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Hef and Crystal: Why not?

By Pepper Schwartz, Special to CNN
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STORY HIGHLIGHTS
  • Pepper Schwartz: Easy to joke about Hugh Hefner's plan to wed a much younger woman
  • But whatever the motivations, she says, late-life marriages not ridiculous, not always a mistake
  • Such unions can provide comfort, companionship, respect, she says
  • Schwartz: Why not just cohabit? Marriage certifies intent to society and obligations of law

Editor's note: Pepper Schwartz is a sociologist at the University of Washington, the author of Prime: Adventures and Advice on Sex, Love, and the Sensual Years, and 15 other books on sexuality and relationships. She writes the Naked Truth column for AARP.

(CNN) -- In some ways, the latest Hugh Hefner engagement is a humorist's dream. An elderly man, a 24-year-old ex-Playmate -- what do we think each person is getting out of this alliance? I don't think you need a Ph.D. to assess the exchange of resources that has brought them together.

He has money, fame, a lifetime of good stories and useful networks. She gives him the prestige that a glamorous woman bestows upon her beau, a few virility points (if we believe that's part of the bargain) and the daily flattery of having a beautiful, and we hope nice, woman fussing over him, holding his hand and making sure he gets his vitamins. Not a bad deal for either of them actually.

But the May-December couple also offers a bit more to chew on when we think of large age gaps between partners in general and the urge to marry versus cohabit. In order to think about this kind of relationship more seriously, we have to use the much-mated, just-twice-married Hugh Hefner as a jumping off point, rather than wrestle with his particular motives -- not the least of which might be the fact that his marriages are not a bad advertisement for the Playboy brand.

As a sociologist who specializes in studying sexuality, love and relationships and as a consultant to AARP, I do not find late-in-life love or marriage ridiculous, nor do I think age gaps between partners are always a mistake. Hefner brings up these issues, but he certainly shouldn't define them for us.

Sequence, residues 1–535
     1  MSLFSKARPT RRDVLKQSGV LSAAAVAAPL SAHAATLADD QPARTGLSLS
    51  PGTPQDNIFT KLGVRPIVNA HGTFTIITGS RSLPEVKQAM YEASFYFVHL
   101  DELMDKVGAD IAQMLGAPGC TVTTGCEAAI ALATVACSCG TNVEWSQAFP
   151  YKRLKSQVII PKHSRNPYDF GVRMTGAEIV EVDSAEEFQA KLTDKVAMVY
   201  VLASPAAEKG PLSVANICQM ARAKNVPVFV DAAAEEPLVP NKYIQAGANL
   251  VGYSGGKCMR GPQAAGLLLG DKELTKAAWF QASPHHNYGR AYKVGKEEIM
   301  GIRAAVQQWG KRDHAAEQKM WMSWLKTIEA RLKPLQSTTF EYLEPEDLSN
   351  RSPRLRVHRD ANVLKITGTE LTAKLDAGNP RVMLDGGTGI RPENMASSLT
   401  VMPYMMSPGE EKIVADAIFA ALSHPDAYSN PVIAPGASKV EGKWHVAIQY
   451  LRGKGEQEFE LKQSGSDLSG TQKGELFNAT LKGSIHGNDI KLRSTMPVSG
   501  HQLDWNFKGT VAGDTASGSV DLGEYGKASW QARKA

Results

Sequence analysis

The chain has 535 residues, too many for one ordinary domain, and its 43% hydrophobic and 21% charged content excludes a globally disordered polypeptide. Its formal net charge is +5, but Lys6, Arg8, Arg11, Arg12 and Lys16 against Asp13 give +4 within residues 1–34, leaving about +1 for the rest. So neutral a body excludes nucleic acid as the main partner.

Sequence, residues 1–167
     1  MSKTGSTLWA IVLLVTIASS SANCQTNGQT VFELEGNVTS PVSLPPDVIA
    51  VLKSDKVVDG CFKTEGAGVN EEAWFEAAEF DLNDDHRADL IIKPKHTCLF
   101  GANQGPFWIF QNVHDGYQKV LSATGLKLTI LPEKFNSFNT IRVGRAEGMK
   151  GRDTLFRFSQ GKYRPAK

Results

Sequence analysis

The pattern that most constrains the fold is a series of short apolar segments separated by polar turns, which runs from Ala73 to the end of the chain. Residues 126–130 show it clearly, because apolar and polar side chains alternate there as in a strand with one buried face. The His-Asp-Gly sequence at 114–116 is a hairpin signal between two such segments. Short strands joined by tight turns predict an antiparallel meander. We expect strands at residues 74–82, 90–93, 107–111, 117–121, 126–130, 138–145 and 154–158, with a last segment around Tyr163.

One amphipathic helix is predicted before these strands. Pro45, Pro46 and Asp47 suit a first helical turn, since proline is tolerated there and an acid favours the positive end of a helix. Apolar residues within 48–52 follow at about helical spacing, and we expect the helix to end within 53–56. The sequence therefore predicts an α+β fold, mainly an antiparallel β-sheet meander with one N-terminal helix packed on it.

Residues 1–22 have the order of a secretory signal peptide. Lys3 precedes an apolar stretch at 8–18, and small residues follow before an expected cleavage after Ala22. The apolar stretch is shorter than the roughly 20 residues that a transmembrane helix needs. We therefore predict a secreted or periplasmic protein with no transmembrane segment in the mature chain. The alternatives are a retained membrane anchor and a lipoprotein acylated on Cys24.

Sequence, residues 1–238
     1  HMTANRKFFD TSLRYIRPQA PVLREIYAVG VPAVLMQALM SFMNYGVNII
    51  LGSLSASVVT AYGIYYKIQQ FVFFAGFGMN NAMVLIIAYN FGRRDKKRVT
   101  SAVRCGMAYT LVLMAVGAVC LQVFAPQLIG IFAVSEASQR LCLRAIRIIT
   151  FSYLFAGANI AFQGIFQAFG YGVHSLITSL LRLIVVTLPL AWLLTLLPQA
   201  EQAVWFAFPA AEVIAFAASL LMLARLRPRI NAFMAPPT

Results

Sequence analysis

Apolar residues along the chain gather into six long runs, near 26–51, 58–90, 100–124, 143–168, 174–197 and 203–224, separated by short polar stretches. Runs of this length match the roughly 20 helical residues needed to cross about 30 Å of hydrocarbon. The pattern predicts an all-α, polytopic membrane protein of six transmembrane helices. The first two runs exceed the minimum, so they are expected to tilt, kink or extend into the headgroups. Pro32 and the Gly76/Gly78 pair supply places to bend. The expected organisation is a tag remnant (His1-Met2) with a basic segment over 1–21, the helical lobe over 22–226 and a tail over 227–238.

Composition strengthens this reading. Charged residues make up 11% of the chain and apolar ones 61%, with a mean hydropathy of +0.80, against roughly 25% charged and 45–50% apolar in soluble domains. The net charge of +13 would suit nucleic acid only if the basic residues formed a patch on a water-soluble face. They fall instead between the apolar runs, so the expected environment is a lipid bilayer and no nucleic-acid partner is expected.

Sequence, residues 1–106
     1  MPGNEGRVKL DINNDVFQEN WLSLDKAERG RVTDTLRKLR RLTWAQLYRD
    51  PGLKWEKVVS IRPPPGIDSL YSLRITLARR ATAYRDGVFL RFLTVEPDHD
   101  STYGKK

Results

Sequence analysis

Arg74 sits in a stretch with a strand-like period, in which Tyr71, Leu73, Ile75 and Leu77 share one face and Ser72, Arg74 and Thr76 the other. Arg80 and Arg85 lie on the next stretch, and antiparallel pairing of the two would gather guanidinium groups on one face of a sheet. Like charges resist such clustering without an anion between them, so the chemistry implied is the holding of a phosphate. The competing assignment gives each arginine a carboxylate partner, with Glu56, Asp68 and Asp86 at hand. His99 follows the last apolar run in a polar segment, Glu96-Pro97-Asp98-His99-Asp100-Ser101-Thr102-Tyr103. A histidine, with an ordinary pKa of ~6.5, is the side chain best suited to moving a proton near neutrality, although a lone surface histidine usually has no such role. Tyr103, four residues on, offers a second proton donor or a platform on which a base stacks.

Passion does not necessarily dim over the life cycle. I have a widowed friend who has just turned 83 and has fallen in love again. She had been dating online and asking friends to introduce her to potential partners, because after two years or so of grieving for her husband of many years, she wanted the comfort and thrill of another romantic partner.

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She found a lovely man, 86, and they have fallen in love and are enjoying life together. They recently returned from a trip to Italy. They live in different urban communities designed for older men and women and spend a lot of time in each other's place. They are a wonderful couple.

OK, so they are "age appropriate," but that they are in the market for romance at their age is part of the point.

I know other successful couples with large age gaps whose marriages would strike envy in the hearts of anyone who met them. My friends Ray and Gail have a 25-year-plus spread and have been married for over 15 years. He is in his early 80s, she in her 50s. They are spectacularly well-suited for one another and have an active life in the state of Washington and doing charitable dental work in the African bush.

Love, when it truly happens, is precious at any age. It is possible at any age. And even if it is not passionate love, even if it is just the comfort of companionship and spending time with someone you respect, it is a boon to the heart, health and happiness of both partners.

And it can run both ways: A study released in 2003 by the United Kingdom's Office for National Statistics concluded that the proportion of women in England and Wales marrying younger men rose from 15% to 26% between 1963 and 1998.

I hesitate to congratulate Hefner, not because of his age (he's 84), or even because of his partner's age --but rather because it is hard to know the motives of the rich and famous and the people who marry them. Whether these motives will bring either person in the relationship the support and love that late-life marriage can bring is not known.

One final thought: You might be saying, "But why should they marry? If it's love, can't they just live together? They are probably not going to have children..."

I agree that living together is a good answer for many older people. It is less complicated financially and legally, and it doesn't arouse as much fear in adult children that possible inheritances will be compromised.

But there is nothing in our society that certifies the intent of two partners in the same way marriage does.

Only marriage presents a clear definition of how a couple wants to be seen and treated by the world, their families, their friends and community.

Only marriage brings with it a complete body of law, with traditional privileges and obligations. So yes, if that's what someone wants to say to the world at 84, the same way they would have said at 34, why not?

They have the right as adults and citizens. Whether they are making a wise choice of partner is another issue entirely.

The opinions expressed in this commentary are solely those of Pepper Schwartz.